As for “moral strength and true leadership,” how about predicting, spot on, exactly what would happen if we invaded Iraq, when everyone else was beating the drums for war? How about speaking to the barons of Detroit about the need for smaller cars and greater fuel economy? How about helping reform the Senate’s ethics rules during his very first term in the Senate—an amazing accomplishment in light of the Senate’s rules of seniority? The facts are that Barack Obama has shown better judgment and stronger leadership than any candidate in the Democratic party.

    John McCain has shown leadership, but it’s been mostly in the wrong direction, especially on economic issues. If you like what Republican ideology has done to our country and our economy, then he’s your man.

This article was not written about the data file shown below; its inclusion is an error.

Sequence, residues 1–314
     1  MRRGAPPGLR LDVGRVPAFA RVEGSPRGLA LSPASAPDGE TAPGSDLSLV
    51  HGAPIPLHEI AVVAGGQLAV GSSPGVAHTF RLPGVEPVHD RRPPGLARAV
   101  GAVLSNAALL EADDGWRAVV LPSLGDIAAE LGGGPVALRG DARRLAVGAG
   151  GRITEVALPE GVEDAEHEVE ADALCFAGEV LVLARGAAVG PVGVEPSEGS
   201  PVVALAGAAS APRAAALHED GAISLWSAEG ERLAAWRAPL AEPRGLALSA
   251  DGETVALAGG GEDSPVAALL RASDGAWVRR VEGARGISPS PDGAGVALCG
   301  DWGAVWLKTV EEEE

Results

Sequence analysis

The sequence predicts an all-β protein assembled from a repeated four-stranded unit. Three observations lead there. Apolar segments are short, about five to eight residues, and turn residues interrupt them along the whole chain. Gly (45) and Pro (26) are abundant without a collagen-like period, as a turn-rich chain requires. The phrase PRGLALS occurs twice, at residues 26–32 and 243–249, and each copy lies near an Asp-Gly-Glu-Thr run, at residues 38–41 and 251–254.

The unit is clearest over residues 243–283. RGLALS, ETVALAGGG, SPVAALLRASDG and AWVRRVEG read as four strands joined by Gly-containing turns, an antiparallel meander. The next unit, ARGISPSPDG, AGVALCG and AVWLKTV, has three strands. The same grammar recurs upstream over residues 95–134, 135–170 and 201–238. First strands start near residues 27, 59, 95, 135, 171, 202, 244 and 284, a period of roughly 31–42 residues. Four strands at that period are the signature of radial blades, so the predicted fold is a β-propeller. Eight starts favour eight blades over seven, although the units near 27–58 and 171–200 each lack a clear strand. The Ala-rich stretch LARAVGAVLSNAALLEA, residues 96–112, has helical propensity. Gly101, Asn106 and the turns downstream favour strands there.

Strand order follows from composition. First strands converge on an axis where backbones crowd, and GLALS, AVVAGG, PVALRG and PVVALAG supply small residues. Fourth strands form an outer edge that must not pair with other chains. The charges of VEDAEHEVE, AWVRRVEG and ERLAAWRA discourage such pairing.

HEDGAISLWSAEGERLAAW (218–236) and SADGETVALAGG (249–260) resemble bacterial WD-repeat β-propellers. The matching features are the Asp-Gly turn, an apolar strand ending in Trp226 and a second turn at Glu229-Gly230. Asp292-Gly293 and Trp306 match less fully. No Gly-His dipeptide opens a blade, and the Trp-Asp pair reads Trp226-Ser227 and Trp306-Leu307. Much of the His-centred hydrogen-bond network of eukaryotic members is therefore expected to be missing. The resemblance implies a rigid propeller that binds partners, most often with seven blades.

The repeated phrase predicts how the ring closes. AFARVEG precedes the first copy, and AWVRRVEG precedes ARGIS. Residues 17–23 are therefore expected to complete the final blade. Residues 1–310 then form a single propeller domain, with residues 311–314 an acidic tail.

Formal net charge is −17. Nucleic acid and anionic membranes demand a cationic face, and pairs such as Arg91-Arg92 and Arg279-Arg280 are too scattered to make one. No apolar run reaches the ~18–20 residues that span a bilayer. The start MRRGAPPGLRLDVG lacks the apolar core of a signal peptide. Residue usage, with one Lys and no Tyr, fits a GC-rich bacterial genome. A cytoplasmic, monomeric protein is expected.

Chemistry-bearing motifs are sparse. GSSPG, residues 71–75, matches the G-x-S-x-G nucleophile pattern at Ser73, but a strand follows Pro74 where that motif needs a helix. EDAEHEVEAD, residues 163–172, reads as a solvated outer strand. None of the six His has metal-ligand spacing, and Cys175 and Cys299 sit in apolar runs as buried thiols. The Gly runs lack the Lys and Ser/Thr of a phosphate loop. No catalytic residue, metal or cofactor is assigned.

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  • At Sunday, May 9, 2010 at 12:30:00 AM EDT, Blogger Jay Dratler, Jr., Ph.D., J.D. said…

    Dear Term Papers,

    Thanks for your encouragement.

    As you use my blog, beware of plagiarism. When you quote from or paraphrase the ideas in this blog, cite it as Anonymous, "Diatribes of Jay," with the URL. Although this blog is still anonymous, I'll appreciate the citation, just like any other author.

    More important, think for yourself. Don’t support the ideas expressed here just because they’re here, or because you like my general philosophy or writing style. Think everything through for yourself. Play “Devil’s advocate,” taking opposing views to test the ones you prefer.